Saturday, March 31, 2012

Make your Own Wheatgrass

This is on our windowsill from preschool.  It is an old strawberry container lined with plastic wrap.  There is a bit of dirt in the plastic wrap, and a handful of wheat berries that have sprouted.  We have been told to mist it daily.
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Friday, March 30, 2012

My Babies look the Same!

They are both 9+ months old in these photos.

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Thursday, March 29, 2012

Recipe: Leek and Beet Fritatta Muffins with Green Garlic

One of the best lessons of Baby-Led Weaning: make foods that baby can easily hold and manouever.  These not only fit that criteria, but are delicious.  Anything in a muffin shape are also easy to take with you and feed preschoolers or yourself!  No need to cut portion sizes later.

These are also a nice way to hide some leeks if you have an abundance, which we did in our CSA box last week.  Also, I LOVE green garlic!

Leek and Beet Fritatta Muffins with Green Garlic

6 eggs, cracked and mixed with a pinch of sea salt
1 bunch red beets, peeled and diced
1 bunch golden beets, peeled and diced
3 leeks, white parts only, cut into 6 lengthwise then sliced thin (basically just diced)
1 stem green garlic, quartered and diced
1 bunch green onions, diced and separated into whites and greens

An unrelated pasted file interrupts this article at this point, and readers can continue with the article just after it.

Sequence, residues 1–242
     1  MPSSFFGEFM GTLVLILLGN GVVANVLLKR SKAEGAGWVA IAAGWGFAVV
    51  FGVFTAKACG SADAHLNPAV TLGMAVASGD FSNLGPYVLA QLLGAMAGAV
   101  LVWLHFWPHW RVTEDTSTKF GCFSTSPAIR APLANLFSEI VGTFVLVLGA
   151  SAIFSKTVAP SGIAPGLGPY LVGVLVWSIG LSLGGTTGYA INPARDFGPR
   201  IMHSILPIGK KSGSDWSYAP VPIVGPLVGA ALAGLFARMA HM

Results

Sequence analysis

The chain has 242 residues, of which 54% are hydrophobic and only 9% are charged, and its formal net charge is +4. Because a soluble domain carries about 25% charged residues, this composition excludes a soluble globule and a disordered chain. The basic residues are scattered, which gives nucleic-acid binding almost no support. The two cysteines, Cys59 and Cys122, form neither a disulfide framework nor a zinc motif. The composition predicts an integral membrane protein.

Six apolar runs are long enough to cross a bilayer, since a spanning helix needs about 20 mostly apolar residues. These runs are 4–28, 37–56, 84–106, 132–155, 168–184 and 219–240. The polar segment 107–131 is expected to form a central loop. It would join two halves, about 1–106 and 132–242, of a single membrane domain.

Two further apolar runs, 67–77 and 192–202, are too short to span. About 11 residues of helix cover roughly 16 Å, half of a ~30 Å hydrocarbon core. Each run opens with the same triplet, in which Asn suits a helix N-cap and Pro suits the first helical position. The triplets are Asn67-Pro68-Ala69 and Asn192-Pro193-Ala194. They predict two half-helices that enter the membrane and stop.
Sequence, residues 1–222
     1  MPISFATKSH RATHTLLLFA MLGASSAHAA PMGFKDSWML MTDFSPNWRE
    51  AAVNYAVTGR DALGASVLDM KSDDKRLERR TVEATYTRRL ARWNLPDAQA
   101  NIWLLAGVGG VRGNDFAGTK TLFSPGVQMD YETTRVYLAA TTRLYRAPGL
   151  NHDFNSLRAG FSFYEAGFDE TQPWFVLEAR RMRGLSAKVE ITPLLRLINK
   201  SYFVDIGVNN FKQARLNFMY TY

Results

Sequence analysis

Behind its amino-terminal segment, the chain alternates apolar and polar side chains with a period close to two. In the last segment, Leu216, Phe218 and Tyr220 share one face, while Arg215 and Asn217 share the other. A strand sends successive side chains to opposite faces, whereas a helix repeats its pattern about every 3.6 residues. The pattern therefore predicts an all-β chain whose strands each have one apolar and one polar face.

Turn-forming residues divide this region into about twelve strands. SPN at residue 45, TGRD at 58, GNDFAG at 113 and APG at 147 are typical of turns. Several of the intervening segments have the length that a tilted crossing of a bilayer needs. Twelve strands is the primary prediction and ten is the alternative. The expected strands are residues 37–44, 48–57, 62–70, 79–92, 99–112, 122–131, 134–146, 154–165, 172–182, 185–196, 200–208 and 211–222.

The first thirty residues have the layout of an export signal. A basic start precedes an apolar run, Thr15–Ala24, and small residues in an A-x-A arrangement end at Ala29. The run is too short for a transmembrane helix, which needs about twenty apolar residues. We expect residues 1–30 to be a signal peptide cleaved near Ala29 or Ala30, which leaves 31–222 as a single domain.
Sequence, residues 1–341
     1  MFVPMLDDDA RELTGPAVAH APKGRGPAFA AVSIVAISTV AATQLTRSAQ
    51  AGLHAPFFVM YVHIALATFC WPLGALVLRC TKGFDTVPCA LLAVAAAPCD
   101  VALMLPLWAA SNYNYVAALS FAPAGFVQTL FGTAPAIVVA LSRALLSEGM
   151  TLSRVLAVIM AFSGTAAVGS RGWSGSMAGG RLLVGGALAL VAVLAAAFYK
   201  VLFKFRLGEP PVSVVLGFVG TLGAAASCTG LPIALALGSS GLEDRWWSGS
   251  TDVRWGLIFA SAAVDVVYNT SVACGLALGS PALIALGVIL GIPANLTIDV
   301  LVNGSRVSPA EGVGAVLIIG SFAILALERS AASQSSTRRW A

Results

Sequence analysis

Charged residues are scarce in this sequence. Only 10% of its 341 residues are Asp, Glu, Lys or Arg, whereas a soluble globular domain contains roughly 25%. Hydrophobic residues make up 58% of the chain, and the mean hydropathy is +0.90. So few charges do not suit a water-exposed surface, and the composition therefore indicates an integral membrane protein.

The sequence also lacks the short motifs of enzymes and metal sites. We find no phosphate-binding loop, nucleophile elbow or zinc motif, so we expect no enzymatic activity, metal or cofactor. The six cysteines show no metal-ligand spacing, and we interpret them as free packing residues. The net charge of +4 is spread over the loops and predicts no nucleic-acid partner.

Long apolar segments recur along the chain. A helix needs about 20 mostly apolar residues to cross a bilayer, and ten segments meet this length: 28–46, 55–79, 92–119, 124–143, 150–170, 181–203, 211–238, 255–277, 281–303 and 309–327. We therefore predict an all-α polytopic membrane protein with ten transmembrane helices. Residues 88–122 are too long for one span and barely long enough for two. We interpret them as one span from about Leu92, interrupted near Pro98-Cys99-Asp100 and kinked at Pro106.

2 cups fresh spinach, diced
2 sprigs fresh thyme, diced
2 sprigs fresh rosemary, diced
3 T fat (either butter or leftover chicken or turkey fat)

Saute leeks in fat in cast iron skillet over medium-high heat, stirring frequently.  When they are golden/ translucent, add garlic.  Then add beets and whites of green onions.  Add spinach and cover briefly to allow to wilt.  Add herbs.  Remove from heat.

Temper the eggs into the vegetables by taking a scoop of the veggies and putting them into the eggs and stirring, then adding another scoop, then putting the egg/ veggie mixture into the vegetables.

Divide mixture into a dozen muffin cups (lined if not using a silicon baking tin).  Bake at 350 for 30 minutes.


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Wednesday, March 28, 2012

Book Review: Blood Sugar Solution by Mark Hyman

This is how describes the book: In THE BLOOD SUGAR SOLUTION, Dr. Mark Hyman reveals that the secret solution to losing weight and preventing not just diabetes but also heart disease, stroke, dementia, and cancer is balanced insulin levels. Dr. Hyman describes the seven keys to achieving wellness-nutrition, hormones, inflammation, digestion, detoxification, energy metabolism, and a calm mind-and explains his revolutionary six-week healthy-living program. With advice on diet, green living, supplements and medication, exercise, and personalizing the plan for optimal results, the book also teaches readers how to maintain lifelong health. Groundbreaking and timely, THE BLOOD SUGAR SOLUTION is the fastest way to lose weight, prevent disease, and feel better than ever.

I was planning on writing something about this book, then saw that, and thought I couldn't say it any better!  Here is Dr. Hyman's website, which he describes as having an abundance of information but I actually found a bit unwieldy. 

I think it is so important for us all to know that we can change our health based on how we eat.  But it is also so hard, especially when we are "addicted" to sugar and white flour.  Dr. Hyman also understands this, and his program is designed to help us overcome this and actually get healthy.